Broadband Revisited

The FCC is updating the definition of broadband that I posted back two years ago. It’s gone from 4Mbps/1Mbps to 25Mbps/3Mbps. Windstream (and many other DSL providers) don’t provide broadband to most of their customers, nor did they with the previous definition.

FCC FINDS U.S. BROADBAND DEPLOYMENT NOT KEEPING PACE
Updates Broadband Speed Benchmark to 25Mbps/3 Mbps to Reflect Consumer Demand, Advances in Technology

Washington, D.C. – Broadband deployment in the United States – especially in rural areas – is failing to keep pace with today’s advanced, high-quality voice, data, graphics and video offerings, according to the 2015 Broadband Progress Report adopted today by the Federal Communications Commission.

Reflecting advances in technology, market offerings by broadband providers and consumer demand, the FCC updated its broadband benchmark speeds to 25 megabits per second (Mbps) for downloads and 3 Mbps for uploads. The 4 Mbps/1 Mbps standard set in 2010 is dated and inadequate for evaluating whether advanced broadband is being deployed to all Americans in a timely way, the FCC found.

Using this updated service benchmark, the 2015 report finds that 55 million Americans – 17 percent of the population – lack access to advanced broadband. Moreover, a significant digital divide remains between urban and rural America: Over half of all rural Americans lack access to 25 Mbps/3 Mbps service.

The divide is still greater on Tribal lands and in U.S. territories, where nearly 2/3 of residents lack access to today’s speeds. And 35 percent of schools across the nation still lack access to fiber networks capable of delivering the advanced broadband required to support today’s digital-learning tools.

While significant progress in broadband deployment has been made, due in part to the Commission’s action to support broadband through its Universal Service programs, these advances are not occurring broadly enough or quickly enough, the report finds. The report concludes that more work needs to be done by the private and public sectors to expand robust broadband to all Americans in a timely way, and the accompanying Notice of Inquiry seeks comment on what additional steps the FCC can take to accelerate broadband deployment.

Key findings include the following:

  • 17 percent of all Americans (55 million people) lack access to 25 Mbps/3 Mbps service.
  • 53 percent of rural Americans (22 million people) lack access to 25 Mbps/3 Mbps.
    • By contrast, only 8 percent of urban Americans lack access to 25 Mbps/3 Mbps broadband.
    • Rural America continues to be underserved at all speeds: 20 percent lack access even to service at 4 Mbps/1 Mbps, down only 1 percent from 2011, and 31 percent lack access to 10 Mbps/1 Mbps, down only 4 percent from 2011.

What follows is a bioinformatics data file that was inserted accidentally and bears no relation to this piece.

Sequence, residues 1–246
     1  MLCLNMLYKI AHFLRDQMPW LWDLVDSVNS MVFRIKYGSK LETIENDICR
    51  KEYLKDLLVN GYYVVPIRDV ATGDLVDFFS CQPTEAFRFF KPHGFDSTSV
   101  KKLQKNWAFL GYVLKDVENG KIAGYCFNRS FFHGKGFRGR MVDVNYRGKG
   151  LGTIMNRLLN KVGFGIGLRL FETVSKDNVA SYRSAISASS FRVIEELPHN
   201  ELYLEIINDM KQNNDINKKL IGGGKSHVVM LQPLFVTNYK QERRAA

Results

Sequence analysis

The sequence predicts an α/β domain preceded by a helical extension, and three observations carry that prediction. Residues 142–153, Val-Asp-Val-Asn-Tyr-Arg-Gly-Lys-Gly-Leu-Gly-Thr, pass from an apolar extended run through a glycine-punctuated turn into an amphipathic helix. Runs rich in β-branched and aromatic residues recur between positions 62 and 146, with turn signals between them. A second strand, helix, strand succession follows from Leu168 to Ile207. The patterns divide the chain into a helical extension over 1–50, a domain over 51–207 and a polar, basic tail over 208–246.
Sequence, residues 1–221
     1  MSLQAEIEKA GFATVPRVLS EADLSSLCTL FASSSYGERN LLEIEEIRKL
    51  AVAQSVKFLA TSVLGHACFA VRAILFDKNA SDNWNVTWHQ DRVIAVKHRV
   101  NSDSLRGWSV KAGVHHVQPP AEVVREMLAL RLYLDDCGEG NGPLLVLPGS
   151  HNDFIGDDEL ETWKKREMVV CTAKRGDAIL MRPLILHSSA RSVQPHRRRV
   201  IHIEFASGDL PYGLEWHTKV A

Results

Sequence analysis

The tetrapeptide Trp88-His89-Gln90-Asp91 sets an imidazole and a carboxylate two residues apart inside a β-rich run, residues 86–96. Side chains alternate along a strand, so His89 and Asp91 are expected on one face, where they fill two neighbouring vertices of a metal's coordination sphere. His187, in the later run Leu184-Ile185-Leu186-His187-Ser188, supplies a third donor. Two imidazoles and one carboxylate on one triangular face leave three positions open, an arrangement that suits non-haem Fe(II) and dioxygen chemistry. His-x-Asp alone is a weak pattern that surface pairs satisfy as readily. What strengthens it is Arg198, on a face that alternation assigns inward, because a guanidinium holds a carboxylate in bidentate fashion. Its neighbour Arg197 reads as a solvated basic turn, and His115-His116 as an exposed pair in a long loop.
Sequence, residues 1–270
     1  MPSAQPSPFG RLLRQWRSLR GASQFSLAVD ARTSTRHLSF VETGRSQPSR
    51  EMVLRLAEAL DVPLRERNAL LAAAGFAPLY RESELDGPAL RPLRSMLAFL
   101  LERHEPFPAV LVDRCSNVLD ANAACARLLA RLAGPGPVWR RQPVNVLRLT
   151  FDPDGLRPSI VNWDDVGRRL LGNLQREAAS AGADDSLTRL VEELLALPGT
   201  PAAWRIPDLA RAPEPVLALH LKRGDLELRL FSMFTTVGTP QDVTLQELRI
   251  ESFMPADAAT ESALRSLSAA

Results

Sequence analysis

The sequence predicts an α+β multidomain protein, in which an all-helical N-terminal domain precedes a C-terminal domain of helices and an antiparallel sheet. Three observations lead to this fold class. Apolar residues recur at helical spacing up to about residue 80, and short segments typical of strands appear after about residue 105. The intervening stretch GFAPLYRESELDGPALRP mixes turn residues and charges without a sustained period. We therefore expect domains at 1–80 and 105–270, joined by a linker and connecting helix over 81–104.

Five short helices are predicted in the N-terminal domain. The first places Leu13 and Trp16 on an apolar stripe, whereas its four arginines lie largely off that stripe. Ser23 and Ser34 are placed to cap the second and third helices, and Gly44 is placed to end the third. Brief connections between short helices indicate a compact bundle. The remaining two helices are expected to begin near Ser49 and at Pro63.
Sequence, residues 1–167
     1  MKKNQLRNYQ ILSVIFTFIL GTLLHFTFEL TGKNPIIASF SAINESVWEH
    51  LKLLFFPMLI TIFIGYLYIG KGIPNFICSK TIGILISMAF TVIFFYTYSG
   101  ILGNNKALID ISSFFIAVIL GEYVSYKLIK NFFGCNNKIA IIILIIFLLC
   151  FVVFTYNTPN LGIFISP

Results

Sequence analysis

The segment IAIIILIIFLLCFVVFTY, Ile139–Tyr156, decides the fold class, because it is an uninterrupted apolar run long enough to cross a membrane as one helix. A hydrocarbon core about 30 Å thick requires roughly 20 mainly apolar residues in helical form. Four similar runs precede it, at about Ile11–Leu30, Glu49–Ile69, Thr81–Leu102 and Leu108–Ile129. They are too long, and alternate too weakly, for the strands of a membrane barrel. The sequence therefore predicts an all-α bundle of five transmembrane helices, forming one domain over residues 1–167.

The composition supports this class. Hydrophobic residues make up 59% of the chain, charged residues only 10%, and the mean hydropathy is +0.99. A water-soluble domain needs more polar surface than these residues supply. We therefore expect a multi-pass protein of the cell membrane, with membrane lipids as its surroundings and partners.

• 63 percent of Americans living on Tribal lands (2.5 million people) lack access to 25 Mbps/3 Mbps broadband
    • 85 percent living in rural areas of Tribal lands (1.7 million people) lack access.
  • 63 percent of Americans living in U.S. territories (2.6 million people) lack access to 25 Mbps/3 Mbps broadband.
    • 79 percent of those living in rural territorial areas (880,000 people) lack access.
  • Overall, the gap in availability of broadband at 25/3 closed by only 3 percentage points last year, from 20% lacking access in 2012 to 17% in 2013
  • Overall, the broadband availability gap closed by only 3 percent last year.
  • Americans living in rural and urban areas adopt broadband at similar rates where 25 Mbps/ 3 Mbps service is available, 28 percent in rural areas and 30 percent in urban areas.
  • Approximately 35 percent of schools lack access to fiber, and thus likely lack access to broadband at the Commission’s shorter term benchmark (adopted in its July 2014 E-rate Modernization Order) of 100 Mbps per 1,000 users, and even fewer have access at the long term goal of 1 Gbps per 1,000 users.

Section 706 of the Telecommunications Act of 1996 requires the FCC to report annually on whether broadband “is being deployed to all Americans in a reasonable and timely fashion,” and to take “immediate action” if it is not. Congress defined broadband as “high-quality” capability that allow users to “originate and receive high-quality voice, data, graphics, and video” services.

Action by the Commission January 29, 2015, by Report and Notice of Inquiry (FCC 15-10). Chairman Wheeler, Commissioners Clyburn, and Rosenworcel with Commissioners Pai and O’Rielly dissenting. Chairman Wheeler, Commissioners Clyburn, Rosenworcel, Pai and O’Rielly issuing statements.

– FCC –

Previous Broadband Progress Reports are available at https://www.fcc.gov/encyclopedia/archive-released-broadband-progress-notices-inquiry

About John

I am the AV Systems Design Engineer in the department of Enterprise AV Services, part of the Division of Information Technology at University of North Georgia. That means I design, install, and maintain anything that is audio visual: projectors, sound systems, control systems, cameras, lighting, Crestron, Polycom, Extron, AMX, and any other techy-sounding thing. I’m also a graduate of Southeastern Baptist Theological Seminary in Wake Forest, North Carolina, where I obtained a Master of Divinity win Biblical Counseling. I’m married to my awesome wife (Heather) and have an awesome family (first Jack, then Debbie, then Hannah, then Levi, and now Emmeline)!

Tagged , , , , , . Bookmark the permalink.

Leave a Reply

Your email address will not be published. Required fields are marked *